IDAHO — The pandemic has changed how many businesses operate; one of them is Girls on the Run, a nonprofit empowering young girls in our community through running.
One of those girls is Treasure Valley resident Gretchen Hurlbutt's 11-year-old daughter, Hendrix, who joined the program three years ago.
"The first time she ran the 5k in third grade, she was thrilled. She ran almost the whole way and was so excited for herself," said Hurlbutt. "It was such a fun moment for me as a mom and a runner to see her step up and do that."
She also said the life lesson Hendrix has learned from Girls on the Run goes far beyond running.
"She has developed a certain self-confidence and in her social abilities," said Hurlbutt. "She can kind of grow on some of these growth mindset concepts and her ideas around pressure, bullying, and social pressures."
When the pandemic hit, Girls on the Run had to postpone all their programs.
"It was hard and a lot of work, but we wanted to make sure our programs that we knew work so well could still be implemented on a virtual platform," said Girls on the Run Executive Director, Toni Ramey.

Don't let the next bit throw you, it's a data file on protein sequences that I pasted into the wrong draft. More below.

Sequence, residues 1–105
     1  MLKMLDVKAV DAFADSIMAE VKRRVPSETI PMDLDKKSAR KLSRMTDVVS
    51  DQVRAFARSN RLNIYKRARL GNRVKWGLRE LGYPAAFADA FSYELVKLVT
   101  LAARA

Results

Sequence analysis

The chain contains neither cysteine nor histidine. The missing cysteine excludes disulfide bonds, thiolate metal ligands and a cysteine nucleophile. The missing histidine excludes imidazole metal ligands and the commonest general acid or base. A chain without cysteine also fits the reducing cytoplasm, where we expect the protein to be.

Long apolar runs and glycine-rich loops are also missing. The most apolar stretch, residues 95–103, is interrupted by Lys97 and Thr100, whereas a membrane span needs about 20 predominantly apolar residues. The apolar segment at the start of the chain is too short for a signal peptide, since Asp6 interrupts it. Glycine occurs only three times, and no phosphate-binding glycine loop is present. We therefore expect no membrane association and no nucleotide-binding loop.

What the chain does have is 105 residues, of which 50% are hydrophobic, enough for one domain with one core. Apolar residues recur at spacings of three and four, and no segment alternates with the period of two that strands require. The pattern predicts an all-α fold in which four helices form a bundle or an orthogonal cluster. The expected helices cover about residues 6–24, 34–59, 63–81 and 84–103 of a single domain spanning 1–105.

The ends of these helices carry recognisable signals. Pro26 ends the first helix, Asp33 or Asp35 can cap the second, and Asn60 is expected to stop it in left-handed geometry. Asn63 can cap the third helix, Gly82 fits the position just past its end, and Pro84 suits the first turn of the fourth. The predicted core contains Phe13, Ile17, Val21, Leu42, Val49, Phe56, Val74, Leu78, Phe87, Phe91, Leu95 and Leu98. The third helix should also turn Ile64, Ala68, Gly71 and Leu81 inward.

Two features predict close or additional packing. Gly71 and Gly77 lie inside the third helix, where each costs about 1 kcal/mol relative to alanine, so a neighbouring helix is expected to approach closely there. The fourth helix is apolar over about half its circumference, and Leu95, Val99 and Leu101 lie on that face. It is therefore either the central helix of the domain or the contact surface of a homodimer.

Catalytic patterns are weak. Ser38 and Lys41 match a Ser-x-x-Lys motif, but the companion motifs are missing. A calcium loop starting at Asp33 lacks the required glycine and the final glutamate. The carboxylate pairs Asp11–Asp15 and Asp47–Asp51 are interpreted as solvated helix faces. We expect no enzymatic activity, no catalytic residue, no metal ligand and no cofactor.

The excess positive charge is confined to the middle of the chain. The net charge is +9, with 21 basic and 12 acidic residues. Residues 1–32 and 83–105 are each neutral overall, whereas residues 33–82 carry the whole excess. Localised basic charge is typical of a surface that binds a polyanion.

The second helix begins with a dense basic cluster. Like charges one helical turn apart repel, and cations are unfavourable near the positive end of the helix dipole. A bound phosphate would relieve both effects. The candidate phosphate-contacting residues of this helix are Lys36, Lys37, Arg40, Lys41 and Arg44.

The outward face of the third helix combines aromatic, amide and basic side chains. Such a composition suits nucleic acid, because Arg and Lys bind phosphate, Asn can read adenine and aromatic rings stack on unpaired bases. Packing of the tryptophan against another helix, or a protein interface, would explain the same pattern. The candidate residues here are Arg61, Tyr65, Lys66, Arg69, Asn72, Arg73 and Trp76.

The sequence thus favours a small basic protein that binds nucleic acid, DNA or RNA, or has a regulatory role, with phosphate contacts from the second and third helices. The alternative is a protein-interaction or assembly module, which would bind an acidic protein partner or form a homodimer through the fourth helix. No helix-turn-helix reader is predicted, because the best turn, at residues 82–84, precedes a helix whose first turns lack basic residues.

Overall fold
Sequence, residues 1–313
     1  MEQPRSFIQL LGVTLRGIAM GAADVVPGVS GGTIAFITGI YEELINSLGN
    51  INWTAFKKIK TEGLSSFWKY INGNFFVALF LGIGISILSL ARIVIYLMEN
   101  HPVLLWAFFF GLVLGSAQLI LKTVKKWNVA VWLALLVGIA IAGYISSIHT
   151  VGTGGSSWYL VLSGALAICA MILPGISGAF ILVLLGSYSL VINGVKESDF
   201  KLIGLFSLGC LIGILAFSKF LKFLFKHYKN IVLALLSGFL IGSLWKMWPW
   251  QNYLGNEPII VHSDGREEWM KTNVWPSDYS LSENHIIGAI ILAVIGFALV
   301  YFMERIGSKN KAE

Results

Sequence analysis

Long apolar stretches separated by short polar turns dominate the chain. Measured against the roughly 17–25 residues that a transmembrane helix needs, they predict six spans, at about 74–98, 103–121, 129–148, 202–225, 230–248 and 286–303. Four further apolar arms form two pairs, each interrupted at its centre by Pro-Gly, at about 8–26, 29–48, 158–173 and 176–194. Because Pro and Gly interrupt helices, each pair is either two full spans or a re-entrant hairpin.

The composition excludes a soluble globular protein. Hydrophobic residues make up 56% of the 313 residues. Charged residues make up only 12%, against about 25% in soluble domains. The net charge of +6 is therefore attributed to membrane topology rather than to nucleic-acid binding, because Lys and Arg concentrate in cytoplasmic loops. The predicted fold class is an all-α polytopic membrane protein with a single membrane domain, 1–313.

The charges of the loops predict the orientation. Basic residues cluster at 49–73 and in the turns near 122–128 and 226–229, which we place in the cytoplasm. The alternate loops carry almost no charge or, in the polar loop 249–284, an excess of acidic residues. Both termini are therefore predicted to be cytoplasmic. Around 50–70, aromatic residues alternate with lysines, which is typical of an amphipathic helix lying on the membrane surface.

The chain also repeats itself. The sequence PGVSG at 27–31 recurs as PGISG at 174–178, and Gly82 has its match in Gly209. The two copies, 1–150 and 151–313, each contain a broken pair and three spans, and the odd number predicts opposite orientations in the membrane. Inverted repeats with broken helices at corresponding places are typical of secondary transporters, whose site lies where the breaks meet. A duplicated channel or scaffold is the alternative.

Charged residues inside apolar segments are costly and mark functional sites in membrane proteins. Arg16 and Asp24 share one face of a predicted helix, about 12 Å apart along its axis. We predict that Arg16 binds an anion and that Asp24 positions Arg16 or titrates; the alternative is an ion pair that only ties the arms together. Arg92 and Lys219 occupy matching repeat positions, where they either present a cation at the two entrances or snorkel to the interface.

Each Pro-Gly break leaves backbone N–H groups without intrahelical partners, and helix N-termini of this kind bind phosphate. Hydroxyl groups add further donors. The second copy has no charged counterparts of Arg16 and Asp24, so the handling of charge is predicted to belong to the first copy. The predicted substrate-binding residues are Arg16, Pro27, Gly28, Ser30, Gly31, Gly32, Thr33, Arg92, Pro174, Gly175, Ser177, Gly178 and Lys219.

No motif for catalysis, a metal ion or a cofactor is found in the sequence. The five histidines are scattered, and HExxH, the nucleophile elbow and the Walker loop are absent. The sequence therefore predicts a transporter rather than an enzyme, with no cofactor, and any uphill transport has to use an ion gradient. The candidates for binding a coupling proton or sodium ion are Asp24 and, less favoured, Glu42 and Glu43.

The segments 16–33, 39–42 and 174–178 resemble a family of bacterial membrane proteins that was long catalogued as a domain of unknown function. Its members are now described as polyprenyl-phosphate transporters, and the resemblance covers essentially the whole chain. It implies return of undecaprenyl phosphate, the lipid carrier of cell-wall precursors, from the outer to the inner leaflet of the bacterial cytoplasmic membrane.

Since the pandemic started, the nonprofit has launched two virtual programs as options for families.
"Instead of girls being together face-to-face and doing something like a human knot where they work on frustration teamwork and communication to get out, we had to create another activity where girls who are connecting via a screen can also learn those same things," said Ramey.
The eight weeks, twice a week after-school program is for girls ages 8-13.
"It encompasses skills for girls to get to know themselves and their unique gifts and what their challenges are," said Ramey. "It helps them build healthy relationships and shows them they can have an impact in our community even if they are young."
With a virtual option, Girls on the Run is reaching and empowering more girls in need outside of the Treasure Valley.
"We can have a girl dial in from Weiser or from Fruitland and join us and get the benefits of the curriculum even if there isn't a team in her community," said Ramey.
It's an opportunity for more girls in Idaho to build relationships and feel connected during this isolating time of the COVID-19 pandemic.
"There's so much joy and excitement when the girls are seeing each other and reconnecting in a way that just shows the importance of supportive relationships in girls' lives," said Ramey.
Girls on the Run just started their fall programs and will have another one coming up in the spring, both virtually and in-person.
For more information on the programs, click here.